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Julian Assange ( 1971 - )  Category ( Falsely_Accused ) [suggest a correction]
 

Julian AssangeUntil 2006, most people had never heard of Julian Assange. Indeed, the founder of Wikileaks was unknown to many until as recently as 2010. While some of his Web site's activities were well-known thanks to electronic and traditional media, the name and person who went with it achieved prominence only in 2009-2010.

By late 2010, Assange was influential enough to be counted among the nominees for Time magazine's "Person of the Year." Such fame is very new to a man who has lived most of his life in the shadows and behind a computer screen. He was born in Townsville, Queensland, Australia, to Christine, who did not know the identity of her son's biological father. When the child was one year old, Christine married Brett Assange, a theater director, who gave Julian his surname. The family lived on Magnetic Island, in Queensland.

Brett Assange was the first of several "stepfathers," though he spent the most time with young Julian, and remembers him as "a very sharp kid" with "a keen sense of right and wrong...he always stood up for the underdog...he was always very angry about people ganging up on other people." If so, then his behavior foreshadowed his career as a whistleblower the likes of the world has never seen before.

His mother remarried in 1979, this time to a musician. Another son was born to Christine, but the marriage ended in 1982. Due to a difficult custody battle, his mother took her children into hiding, where they stayed for five years. Assange changed schools frequently and was sometimes home-schooled. Julian expressed an early interest in computers, and by the time he was sixteen he was an adept hacker. His code name was "Mendax," which derives from Horace's "slendide mendax," or, "nobly untruthful." He met other young hackers and they formed a group called the International Subversives. The group claimed no malicious attacks on computer systems. In fact, Assange composed rules for hacking, including, "Don't damage computer systems you break into (including crashing them), don't change the information in those systems (except for altering logs to cover your tracks), and share information."

In 1991, when Assange was living in Melbourne, Australia, the Australian Federal Police raided his home. They did so based on reports that he had hacked into a wide variety of private, corporate, and governmental computer systems around the world, including that of the United States Pentagon. He pleaded guilty to twenty-four charges, but served no time. Just one year later he was a founder of one of the first public internet service providers in Australia. During this period he worked as a programmer and software developer. He contributed to a book dealing with hacking. Then, in 1999, he registered the domain leaks.org. He later stated that he didn't do anything with it at that time.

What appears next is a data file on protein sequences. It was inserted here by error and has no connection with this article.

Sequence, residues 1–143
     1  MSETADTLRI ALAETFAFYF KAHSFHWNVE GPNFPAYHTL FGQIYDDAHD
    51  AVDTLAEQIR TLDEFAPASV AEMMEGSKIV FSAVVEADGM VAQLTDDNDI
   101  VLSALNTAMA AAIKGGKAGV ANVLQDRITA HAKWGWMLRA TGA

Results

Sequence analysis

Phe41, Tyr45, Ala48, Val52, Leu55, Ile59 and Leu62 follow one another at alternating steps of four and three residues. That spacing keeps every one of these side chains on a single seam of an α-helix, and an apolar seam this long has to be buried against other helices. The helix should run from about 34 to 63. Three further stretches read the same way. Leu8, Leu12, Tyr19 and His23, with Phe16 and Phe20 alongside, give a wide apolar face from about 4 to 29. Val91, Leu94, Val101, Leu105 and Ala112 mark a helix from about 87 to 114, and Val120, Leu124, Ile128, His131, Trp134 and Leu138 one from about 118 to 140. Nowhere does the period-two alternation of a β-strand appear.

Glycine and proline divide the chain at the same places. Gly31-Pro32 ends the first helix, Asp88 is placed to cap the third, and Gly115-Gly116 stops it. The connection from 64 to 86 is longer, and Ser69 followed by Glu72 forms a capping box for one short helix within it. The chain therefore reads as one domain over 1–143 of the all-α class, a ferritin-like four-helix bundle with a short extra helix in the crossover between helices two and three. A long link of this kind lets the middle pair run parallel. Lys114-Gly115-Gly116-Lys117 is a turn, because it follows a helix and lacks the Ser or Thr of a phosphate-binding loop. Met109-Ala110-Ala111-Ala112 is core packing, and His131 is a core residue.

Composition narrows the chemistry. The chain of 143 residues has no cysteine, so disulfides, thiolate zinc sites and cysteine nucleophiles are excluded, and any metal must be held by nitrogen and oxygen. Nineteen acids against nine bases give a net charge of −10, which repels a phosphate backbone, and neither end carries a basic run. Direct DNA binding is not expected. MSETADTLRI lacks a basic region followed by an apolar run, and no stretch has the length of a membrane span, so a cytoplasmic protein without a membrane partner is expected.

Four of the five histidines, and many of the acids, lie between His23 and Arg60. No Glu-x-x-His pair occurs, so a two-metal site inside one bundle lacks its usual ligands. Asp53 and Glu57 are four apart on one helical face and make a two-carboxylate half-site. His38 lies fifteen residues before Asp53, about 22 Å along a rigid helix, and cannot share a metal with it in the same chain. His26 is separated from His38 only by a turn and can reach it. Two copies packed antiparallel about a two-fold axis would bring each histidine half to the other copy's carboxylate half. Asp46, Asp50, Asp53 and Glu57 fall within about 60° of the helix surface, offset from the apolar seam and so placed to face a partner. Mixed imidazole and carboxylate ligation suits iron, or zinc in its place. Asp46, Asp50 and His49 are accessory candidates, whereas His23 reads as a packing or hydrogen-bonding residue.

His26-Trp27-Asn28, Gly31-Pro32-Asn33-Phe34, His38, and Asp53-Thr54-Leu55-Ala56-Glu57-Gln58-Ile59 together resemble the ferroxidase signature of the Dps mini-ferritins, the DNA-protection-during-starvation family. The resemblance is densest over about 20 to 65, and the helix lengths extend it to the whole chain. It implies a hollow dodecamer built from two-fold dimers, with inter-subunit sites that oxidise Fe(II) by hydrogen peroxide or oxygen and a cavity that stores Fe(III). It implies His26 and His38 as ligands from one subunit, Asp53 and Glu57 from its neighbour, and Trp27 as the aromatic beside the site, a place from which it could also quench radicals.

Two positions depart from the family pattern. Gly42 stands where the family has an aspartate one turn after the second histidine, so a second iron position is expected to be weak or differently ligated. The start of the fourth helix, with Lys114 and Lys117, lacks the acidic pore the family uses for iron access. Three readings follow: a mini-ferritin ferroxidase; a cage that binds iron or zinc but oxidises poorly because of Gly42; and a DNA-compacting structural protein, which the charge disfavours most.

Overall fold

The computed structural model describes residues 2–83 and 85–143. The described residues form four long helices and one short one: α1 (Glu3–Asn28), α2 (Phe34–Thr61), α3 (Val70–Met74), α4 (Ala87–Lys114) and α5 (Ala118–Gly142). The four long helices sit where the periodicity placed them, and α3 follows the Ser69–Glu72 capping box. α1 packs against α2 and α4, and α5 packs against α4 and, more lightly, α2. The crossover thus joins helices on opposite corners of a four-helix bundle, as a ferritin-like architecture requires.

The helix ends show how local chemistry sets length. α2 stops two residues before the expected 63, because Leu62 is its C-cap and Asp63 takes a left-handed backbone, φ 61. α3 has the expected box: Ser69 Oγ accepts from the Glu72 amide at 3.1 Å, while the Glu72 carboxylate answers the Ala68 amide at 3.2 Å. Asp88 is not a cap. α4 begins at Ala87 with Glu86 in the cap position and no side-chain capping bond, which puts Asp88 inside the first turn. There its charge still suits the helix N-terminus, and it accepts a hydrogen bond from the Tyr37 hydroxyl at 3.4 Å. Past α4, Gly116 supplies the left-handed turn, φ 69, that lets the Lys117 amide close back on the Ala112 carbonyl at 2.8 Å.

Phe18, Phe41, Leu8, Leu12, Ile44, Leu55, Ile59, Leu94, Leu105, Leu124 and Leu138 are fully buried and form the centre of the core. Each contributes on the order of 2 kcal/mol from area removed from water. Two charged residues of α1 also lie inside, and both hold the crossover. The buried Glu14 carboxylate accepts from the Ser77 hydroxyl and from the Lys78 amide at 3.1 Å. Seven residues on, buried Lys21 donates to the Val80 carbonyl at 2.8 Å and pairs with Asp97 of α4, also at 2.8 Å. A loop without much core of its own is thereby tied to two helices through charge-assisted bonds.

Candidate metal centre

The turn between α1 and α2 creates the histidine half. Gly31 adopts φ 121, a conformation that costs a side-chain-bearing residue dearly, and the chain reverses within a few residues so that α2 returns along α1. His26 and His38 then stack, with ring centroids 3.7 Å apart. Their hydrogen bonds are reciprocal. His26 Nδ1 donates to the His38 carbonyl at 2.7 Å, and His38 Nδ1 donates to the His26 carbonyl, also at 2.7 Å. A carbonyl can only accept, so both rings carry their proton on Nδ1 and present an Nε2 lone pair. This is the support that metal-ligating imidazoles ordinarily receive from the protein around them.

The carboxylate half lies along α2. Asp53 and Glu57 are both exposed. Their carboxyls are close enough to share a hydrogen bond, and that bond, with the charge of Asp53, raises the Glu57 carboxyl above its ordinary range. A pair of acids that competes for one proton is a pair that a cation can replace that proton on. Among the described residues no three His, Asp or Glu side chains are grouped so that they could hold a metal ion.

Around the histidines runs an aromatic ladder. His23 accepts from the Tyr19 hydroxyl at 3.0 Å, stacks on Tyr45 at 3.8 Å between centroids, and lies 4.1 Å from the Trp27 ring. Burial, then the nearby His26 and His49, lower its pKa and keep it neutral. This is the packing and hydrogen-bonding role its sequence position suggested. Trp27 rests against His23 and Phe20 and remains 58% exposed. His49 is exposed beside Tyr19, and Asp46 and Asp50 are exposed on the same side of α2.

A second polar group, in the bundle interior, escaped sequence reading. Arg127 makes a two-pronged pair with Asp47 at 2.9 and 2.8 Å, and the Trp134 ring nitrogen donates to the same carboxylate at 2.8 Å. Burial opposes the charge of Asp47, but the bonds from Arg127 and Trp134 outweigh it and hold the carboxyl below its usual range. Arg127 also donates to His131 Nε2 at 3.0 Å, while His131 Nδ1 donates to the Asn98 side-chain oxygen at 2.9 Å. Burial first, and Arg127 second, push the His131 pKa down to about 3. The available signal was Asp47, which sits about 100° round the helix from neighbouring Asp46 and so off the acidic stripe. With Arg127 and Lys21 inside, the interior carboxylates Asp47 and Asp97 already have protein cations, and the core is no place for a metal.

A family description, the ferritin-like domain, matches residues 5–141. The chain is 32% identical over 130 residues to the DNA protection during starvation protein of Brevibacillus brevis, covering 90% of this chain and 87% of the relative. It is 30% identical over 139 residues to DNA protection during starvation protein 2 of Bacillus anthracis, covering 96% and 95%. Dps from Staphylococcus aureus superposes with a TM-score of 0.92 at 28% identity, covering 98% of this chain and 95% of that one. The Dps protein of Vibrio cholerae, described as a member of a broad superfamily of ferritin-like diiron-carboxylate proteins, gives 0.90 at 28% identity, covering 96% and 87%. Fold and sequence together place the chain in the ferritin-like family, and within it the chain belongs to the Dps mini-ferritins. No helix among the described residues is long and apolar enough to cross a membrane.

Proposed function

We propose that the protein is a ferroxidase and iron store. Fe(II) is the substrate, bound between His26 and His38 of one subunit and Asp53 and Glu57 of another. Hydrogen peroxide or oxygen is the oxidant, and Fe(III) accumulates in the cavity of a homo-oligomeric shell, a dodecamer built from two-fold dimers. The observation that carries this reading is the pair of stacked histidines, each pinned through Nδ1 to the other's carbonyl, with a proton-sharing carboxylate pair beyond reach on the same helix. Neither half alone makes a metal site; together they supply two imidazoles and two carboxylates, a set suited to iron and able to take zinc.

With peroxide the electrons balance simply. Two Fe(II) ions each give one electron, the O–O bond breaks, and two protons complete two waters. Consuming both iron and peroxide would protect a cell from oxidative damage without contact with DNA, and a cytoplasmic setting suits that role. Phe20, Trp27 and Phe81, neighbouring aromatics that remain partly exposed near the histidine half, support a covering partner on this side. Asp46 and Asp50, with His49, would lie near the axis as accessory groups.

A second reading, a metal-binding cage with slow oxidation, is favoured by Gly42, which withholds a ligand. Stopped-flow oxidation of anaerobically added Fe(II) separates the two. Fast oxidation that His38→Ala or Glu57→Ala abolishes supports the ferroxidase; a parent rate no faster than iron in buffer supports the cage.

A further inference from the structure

From 2003-2006 he undertook math and physics studies at the University of Melbourne; however, he never graduated and did not make good grades. In 2006, he founded WikiLeaks. In his website's manifesto, he stated the following: "To radically shift regime behavior we must think clearly and boldly for if we have learned anything, it is that regimes do not want to be changed. We must think beyond those who have gone before us and discover technological changes that embolden us with ways to act in which our forebears could not." He also wrote in his blog, that "the more secretive or unjust an organization is, the more leaks induce fear and paranoia in its leadership and planning coterie...Since unjust systems, by their nature induce opponents, and in many places barely have the upper hand, mass leaking leaves them exquisitely vulnerable to those who seek to replace them with more open forms of governance."

Assange does not control WikiLeaks alone. He sits on its nine-member advisory board and often speaks publicly on the organization's behalf. Additionally, he does not claim to be the founder of WikiLeaks; rather, he prefers the title of "editor in chief." Assange was the recipient of the 2009 Amnesty International Media Award, the 2010 Sam Adams Award for Integrity in Intelligence, named number twenty-three among "The World's 50 Most Influential Figures 2010" by the British magazine, New Statesman.

Despite these honors and support from both ordinary citizens and celebrities, Assange is a controversial figure. He has no permanent address, preferring to always be one the move. During 2010 he visited the United Kingdom, Iceland, Sweden, and other countries. Sweden currently claims to have sexual offense charges prepared to file against Assange, charges he flatly denies. Warrants were issued, and eventually Assange turned himself in to the British Metropolitan Police in London. Within a few weeks he was released on bail and placed under house arrest, pending an extradition hearing in January 2011. Upon his release from jail, he said, "I hope to continue my work and continue to protest my innocence in this matter....this has been a very successful smear campaign and a very wrong one."


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